“Story of Your Life,” (and Arrival) chooses one of these big questions to explore. If you could see your whole life from start to finish, would you make different choices?

The basic story is this: The question of whether there is other intelligent life in the universe is answered when several ships appear around the planet. They don’t appear to be hostile, but just why they showed up is a mystery. Linguists and physicists from all over the world are deployed to each sight, along with a huge military presence as well. The big questions the world governments want answered are these: Why did they come? and What do they want from us? The story version doesn’t answer those questions, which I find appealing. The reader gets to decide what the prolonged encounter means and just what effect it will have on the course of humanity when linguists, like Louise begin to see reality in new ways.

But in the world of movie making there needs to be a clear progression of complications, even threat, and the film makers assume the audience wants to know why the aliens showed up. I like the way the screenwriter, Eric Heisserer, took the main questions asked in the short story and ramped up the urgency for Louise and Gary to find out the purpose for this highly unusual visit. Fear is a huge factor in human existence right now, and that juxtaposed with the way Louise begins to understand the aliens and their mission is a great plot device.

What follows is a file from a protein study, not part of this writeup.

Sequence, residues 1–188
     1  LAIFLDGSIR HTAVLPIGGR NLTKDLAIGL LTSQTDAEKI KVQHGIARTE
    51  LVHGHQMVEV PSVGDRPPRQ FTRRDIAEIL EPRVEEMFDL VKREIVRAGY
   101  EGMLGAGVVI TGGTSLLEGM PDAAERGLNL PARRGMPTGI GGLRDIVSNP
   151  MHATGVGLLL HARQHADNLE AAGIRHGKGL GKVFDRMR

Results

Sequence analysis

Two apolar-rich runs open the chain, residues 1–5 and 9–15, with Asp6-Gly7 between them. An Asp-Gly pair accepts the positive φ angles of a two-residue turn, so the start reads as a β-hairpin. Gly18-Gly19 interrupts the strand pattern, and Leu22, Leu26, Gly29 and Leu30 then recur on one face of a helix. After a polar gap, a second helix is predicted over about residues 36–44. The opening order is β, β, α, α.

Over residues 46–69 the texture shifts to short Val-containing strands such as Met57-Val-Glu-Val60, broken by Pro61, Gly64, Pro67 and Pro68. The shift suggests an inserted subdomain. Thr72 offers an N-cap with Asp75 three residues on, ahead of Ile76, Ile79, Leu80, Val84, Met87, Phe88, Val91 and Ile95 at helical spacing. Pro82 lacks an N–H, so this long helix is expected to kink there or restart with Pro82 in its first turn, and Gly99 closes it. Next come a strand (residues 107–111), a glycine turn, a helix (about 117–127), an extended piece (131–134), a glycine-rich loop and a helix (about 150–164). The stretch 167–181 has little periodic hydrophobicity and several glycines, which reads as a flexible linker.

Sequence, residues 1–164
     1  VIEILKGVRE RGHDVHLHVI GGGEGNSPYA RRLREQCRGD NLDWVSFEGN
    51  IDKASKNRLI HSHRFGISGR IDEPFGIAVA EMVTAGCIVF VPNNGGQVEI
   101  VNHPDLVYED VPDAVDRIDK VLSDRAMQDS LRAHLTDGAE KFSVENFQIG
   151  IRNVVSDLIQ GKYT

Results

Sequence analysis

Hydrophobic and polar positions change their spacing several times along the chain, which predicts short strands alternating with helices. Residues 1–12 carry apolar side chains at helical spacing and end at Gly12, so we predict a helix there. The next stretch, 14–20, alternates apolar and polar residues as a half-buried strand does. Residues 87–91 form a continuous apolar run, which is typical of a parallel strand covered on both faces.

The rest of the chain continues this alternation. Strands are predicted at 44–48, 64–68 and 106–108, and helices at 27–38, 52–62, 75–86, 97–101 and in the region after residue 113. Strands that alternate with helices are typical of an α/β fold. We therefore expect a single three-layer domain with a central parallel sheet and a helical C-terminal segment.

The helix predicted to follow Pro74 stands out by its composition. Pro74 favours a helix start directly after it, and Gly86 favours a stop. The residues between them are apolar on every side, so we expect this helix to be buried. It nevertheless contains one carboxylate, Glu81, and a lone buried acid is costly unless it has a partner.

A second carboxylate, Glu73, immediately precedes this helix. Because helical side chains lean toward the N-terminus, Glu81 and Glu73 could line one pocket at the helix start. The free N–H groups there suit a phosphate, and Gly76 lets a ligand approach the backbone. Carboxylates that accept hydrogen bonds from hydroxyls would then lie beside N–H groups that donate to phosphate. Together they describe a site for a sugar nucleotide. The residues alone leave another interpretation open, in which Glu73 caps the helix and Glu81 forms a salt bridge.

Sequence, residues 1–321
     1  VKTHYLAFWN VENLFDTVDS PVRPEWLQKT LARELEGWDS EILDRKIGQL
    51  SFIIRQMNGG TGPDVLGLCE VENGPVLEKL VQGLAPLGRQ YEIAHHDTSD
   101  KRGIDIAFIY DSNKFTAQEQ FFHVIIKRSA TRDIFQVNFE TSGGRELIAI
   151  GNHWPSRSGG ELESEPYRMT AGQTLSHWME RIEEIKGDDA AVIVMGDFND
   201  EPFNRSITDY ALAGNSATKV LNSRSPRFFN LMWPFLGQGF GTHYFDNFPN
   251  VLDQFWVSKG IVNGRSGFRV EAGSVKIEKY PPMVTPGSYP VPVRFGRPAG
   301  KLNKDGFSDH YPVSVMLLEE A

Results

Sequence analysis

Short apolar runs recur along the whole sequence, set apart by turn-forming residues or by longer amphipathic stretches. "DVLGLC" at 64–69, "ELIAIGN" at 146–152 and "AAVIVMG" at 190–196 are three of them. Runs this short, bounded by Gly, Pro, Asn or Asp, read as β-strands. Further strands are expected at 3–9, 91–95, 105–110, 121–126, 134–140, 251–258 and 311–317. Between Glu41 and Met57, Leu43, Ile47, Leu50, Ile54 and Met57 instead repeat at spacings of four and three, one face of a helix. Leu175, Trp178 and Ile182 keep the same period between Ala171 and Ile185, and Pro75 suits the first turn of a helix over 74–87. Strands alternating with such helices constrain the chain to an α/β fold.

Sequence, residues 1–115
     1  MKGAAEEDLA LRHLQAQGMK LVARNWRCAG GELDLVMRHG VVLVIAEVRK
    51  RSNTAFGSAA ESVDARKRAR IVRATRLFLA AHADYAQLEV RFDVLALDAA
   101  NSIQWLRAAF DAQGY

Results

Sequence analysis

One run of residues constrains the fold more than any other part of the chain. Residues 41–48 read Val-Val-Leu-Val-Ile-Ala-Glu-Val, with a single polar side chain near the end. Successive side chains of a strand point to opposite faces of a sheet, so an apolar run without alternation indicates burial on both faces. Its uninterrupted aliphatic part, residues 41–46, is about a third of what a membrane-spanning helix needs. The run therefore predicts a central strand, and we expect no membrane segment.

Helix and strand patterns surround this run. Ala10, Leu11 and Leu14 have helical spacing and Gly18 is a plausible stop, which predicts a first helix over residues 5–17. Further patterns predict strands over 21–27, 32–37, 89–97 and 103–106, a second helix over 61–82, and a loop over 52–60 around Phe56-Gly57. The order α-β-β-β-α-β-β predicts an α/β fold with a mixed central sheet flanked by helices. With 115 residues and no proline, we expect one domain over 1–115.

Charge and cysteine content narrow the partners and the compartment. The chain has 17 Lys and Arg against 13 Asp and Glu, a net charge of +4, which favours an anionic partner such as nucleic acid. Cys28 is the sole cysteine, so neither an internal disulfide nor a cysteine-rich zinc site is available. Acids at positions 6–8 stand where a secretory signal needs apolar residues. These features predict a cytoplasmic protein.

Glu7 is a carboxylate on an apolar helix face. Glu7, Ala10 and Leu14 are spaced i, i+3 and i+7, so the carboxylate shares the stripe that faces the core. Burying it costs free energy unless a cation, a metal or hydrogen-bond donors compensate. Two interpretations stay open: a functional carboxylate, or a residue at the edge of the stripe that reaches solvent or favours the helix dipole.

I also like the way Heisserer translated the changes in thinking that happen to Louise as she learns the alien language. In the movie, Louise and Gary have a conversation about the Sapir-Whorf hypothesis. The theory that the language you speak determines how you think, and how you see the world. It’s in Louise’s altered way of seeing all of time happening at once, which is the way the aliens view reality, that helps answer, at least for her the main question. She begins to see all that will happen in her life, and she decides to embrace it. She doesn’t try to change it in any way even though some of it is heart breaking. To show Louise’s experience, the movie is structured in a non-linear way. Another thing I love in books and movies.